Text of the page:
IPSA faces administration risk as it struggles to pay creditors

Johannesburg – Listed independent power producer IPSA Group yesterday flagged the possibility of going into administration as it continues to trade at the mercy of creditors, including turbine services group Ethos Energy Italia.

IPSA, which is listed on the AltX and London’s Alternative Investment Market (AIM), has been battling for survival and last month the group sold the operations of Newcastle Cogeneration, which is South Africa’s first gas-fired independent power project.

IPSA chairman Richard Linnell said the interim results released yesterday would be the last to include Newcastle Cogeneration, which was its sole operating asset and which it sold for £1.86 million (R40.78m) to Sloane – a private company owned and operated by Peter Earl, a former director who left IPSA in July.

The sale has now rendered the company a cash shell, thus requiring it to make an acquisition within six months to constitute a reverse takeover under AIM rules.

“The company is now focusing its attention on the sale of the balance of plant equipment held for sale in Italy in order to seek to settle outstanding creditors and in finding a suitable reverse merger partner to maintain the quotations in London and Johannesburg,” Linnell said.

In the six months to the end of September, IPSA’s revenue declined marginally from £1.9m in the corresponding period in 2014 to £1.8m.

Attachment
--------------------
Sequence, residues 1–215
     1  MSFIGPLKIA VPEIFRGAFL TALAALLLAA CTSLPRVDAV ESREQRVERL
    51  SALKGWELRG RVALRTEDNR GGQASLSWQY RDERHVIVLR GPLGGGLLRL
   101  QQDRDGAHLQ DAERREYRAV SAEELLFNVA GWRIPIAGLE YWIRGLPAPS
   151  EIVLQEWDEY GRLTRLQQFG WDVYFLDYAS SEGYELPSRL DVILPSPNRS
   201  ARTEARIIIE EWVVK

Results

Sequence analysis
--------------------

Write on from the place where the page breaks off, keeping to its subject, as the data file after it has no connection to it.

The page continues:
Its loss after tax for the period narrowed from a previous £750 000 to £260 000. Loss per ordinary share also improved from 0.69 pence per share to 0.23 pence per share.

Linnell said the company was committed to settling its debt with Ethos, which was expected to be met in part through receipt of the remaining funds due from Rurelec, a power generation company that bought IPSA’s gas turbines in 2009.

“While these negotiations are ongoing, there can be no guarantee of success. The company remains dependent not only on receipts due from Rurelec and the sale of the balance of plant but also on the continuing forbearance of Ethos and its other creditors to continue trading and as a consequence there remains a risk that the company may be put into administration,” Linnell said.

When it became clear that South Africa was heading for an electricity supply shortage, the company sought to supply power to Eskom but the power utility did not commit to a long-term power contract, much to IPSA’s frustration.

Johan Muller, the programme manager for energy and environment at Frost & Sullivan, said yesterday: “Sometimes there is a high return associated with ‘first mover advantage’, but in this instance the benefit of acting first was not realised by IPSA.

“IPSA is not entirely to blame, and a couple of market factors are at play, namely, the initial location choice was not viable, the inability to secure a long-term power purchase agreement with Eskom, and also the lack of the Gas Utilisation Master Plan has caused the gas economy to struggle to get out of the starting blocks.”

Ironically, the government has announced plans to purchase gas power from independent power producers (IPPs) under an IPP procurement programme.

But Muller said it was too little too late for IPSA. “The IPSA plant was designed to provide both electricity and steam. Currently it is not producing steam – and the new owners have plans to transform the plant’s capacity, increase the output, and also to provide steam to the industrial off-takers,” he said.

“It seems that while it might be too late for IPSA as a company, the plant will continue to operate under new management and a revised business model – and hopefully gain momentum when the South African government and Eskom integrate their planning with private sector players willing to enter into risk-laden agreements.”

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